Nasa is building robots that can dig up Martian soil and convert it into rocket fuel.
The machines will strip water from the soil and convert it into methane – a compound that has been tipped to power the rockets of the future.
They could solve a major problem facing Nasa’s deep space plans: How to keep rockets light enough to fly while still carrying enough fuel to get to and from Mars.
Nasa plans to send manned missions to Mars in the early 2030s.
But before humanity takes its first step on the red planet, the space agency will send a fleet of unmanned vehicles to test the habitability of its arid, dusty surface.
The new robots, nicknamed ‘dust-to-thrust factories’, could form part of these key early trips, according to one Nasa software engineer.
Kurt Leucht, team lead on the ambitious project, wrote about the robots in a recent article for IEEE Spectrum.
Mr Leucht’s team is building a prototype system that they dub ‘in situ resource utilisation’, or ISRU.
It works by removing water from soil and splitting it into its constituent parts, hydrogen and oxygen, though a process known as electrolysis.
It then combines the hydrogen with carbon from Mars’s atmosphere to produce methane, which has been tipped by some engineers as the rocket fuel of the future.
Methane is more stable than liquid hydrogen, today’s most common rocket fuel, and can also be stored in smaller tanks at more manageable temperatures.
Key to the fuel’s promise is that it may be recovered or created from local resources – a perk that Nasa’s ISRU robots are designed to take full advantage of.
Nasa plans to use the system for the first time ahead of its manned missions to Mars alongside robots that gather soil from the planet’s surface.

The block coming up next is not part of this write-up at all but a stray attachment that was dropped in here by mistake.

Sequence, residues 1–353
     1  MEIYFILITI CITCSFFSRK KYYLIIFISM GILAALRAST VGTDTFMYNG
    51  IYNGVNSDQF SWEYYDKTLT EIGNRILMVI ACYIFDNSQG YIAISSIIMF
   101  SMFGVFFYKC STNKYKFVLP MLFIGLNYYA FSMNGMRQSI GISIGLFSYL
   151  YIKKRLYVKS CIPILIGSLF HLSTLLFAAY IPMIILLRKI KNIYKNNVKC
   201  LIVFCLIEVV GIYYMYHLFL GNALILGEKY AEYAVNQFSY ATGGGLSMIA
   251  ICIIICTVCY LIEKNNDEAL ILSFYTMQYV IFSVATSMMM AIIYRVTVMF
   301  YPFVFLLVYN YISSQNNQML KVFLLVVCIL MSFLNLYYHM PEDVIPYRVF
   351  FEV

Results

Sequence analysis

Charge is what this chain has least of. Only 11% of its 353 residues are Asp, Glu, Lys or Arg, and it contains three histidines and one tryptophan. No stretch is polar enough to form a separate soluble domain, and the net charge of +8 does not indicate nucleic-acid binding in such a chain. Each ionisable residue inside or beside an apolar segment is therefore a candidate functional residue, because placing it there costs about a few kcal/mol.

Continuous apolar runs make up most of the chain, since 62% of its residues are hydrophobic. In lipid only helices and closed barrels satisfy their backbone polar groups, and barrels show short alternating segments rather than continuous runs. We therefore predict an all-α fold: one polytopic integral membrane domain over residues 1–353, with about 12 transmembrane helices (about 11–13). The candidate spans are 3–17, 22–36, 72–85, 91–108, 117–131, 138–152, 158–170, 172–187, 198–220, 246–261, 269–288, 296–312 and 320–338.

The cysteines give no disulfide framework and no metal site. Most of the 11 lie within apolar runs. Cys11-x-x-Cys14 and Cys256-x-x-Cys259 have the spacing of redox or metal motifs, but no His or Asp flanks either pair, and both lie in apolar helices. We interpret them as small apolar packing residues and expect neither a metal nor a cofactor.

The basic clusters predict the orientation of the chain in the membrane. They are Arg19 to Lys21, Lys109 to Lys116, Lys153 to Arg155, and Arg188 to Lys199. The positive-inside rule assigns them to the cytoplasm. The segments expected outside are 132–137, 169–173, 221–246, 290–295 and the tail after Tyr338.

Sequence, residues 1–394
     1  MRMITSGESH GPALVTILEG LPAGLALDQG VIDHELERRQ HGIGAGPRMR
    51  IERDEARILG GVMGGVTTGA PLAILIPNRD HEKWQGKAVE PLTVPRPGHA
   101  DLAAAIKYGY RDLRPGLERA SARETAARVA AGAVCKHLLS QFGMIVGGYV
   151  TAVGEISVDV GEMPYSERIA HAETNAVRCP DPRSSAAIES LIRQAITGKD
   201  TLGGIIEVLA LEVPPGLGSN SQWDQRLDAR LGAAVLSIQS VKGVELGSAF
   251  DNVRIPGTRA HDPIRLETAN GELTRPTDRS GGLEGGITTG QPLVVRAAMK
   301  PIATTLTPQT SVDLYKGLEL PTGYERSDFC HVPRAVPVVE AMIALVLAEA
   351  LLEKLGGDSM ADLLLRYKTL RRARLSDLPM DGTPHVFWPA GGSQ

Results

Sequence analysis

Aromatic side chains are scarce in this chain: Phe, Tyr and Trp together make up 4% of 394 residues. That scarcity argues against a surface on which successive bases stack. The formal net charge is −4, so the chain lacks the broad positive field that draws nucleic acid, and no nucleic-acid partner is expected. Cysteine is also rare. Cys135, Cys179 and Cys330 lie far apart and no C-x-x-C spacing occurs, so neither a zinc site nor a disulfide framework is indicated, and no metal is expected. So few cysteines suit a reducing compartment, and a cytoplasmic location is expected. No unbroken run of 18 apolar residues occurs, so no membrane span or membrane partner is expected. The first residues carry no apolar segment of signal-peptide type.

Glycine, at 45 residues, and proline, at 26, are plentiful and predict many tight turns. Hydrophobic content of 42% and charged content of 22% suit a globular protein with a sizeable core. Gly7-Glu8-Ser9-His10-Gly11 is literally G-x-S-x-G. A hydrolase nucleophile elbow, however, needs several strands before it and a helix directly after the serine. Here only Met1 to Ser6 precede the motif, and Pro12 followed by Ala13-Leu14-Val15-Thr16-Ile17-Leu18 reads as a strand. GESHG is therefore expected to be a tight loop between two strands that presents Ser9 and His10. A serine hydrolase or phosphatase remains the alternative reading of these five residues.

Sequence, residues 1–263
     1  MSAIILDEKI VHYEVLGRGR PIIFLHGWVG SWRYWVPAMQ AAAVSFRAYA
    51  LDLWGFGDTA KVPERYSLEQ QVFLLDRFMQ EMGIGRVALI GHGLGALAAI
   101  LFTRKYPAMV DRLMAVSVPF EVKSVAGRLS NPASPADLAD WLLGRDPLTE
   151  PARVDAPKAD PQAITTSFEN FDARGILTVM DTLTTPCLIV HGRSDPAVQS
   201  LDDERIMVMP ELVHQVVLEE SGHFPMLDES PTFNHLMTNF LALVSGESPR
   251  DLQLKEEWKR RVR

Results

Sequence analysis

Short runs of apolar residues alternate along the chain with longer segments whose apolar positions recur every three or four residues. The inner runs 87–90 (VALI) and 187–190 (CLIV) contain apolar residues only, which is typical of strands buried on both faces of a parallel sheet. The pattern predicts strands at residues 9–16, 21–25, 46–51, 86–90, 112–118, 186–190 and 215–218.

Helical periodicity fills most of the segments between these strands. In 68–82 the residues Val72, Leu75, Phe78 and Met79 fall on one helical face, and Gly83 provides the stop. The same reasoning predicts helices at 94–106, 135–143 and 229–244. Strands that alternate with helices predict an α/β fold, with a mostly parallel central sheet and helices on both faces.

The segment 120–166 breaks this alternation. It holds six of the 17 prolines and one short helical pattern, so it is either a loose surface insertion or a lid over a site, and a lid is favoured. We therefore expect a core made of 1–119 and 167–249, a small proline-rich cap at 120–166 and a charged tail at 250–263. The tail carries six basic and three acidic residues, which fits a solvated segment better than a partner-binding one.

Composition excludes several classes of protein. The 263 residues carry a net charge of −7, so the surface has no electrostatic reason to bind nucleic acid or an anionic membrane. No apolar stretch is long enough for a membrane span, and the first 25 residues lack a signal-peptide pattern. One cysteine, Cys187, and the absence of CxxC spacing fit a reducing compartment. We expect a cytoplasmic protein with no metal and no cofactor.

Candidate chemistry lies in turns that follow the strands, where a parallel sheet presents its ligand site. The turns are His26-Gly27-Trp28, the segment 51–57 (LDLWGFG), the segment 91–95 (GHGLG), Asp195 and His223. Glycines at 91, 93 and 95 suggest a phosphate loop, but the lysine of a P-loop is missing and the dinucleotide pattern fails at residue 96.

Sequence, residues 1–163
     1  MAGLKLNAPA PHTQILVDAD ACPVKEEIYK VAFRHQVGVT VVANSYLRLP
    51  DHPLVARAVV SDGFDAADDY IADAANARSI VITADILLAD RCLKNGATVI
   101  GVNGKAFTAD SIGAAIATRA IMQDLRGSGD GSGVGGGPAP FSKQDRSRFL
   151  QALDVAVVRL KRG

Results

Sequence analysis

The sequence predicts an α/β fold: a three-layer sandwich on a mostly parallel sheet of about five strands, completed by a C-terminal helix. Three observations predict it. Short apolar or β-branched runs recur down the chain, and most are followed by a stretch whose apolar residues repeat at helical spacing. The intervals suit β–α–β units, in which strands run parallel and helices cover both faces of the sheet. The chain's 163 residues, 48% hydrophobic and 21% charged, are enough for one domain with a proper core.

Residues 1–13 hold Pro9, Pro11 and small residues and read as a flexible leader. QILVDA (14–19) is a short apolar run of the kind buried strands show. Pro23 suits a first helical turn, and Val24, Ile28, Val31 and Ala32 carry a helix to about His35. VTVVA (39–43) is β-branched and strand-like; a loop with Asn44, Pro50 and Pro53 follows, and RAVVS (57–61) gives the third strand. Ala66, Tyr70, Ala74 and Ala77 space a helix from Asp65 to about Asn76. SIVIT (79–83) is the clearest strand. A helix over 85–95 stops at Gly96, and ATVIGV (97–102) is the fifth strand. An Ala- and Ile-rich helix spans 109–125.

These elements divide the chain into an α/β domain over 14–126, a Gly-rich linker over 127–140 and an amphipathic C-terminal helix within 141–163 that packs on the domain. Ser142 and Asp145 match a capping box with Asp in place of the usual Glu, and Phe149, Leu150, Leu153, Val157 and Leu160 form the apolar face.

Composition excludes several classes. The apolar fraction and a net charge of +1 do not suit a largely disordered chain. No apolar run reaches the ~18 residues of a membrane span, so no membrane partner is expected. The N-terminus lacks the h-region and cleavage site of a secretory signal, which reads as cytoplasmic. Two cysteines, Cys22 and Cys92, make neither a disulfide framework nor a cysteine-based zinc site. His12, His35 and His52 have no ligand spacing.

Astronauts landing on Mars in the following years will eventually use the fuel it produced to fly back to Earth.
‘This technology will one day allow humans to live and work on Mars and return to Earth to tell the story,’ Mr Leucht wrote.
Nasa faces a big hurdle in the sheer volume of conventional rocket fuel needed to reach Mars and beyond.
The agency calls this the ‘gear ratio’ problem, and robots like the IRSU could finally solve it.
‘By some estimates, to ship a single kilogram of fuel from Earth to Mars, today’s rockets need to burn 225 kilograms of fuel in transit,’ Mr Leucht wrote.
‘We’d start with 226 kg and end with 1 kg, which makes for a 226:1 gear ratio.
‘The ratio stays the same no matter what we ship. We would need 225 tons of fuel to send a ton of water, a ton of oxygen, or a ton of machinery.
‘The only way to get around that harsh arithmetic is by making our water, oxygen, and fuel on-site.’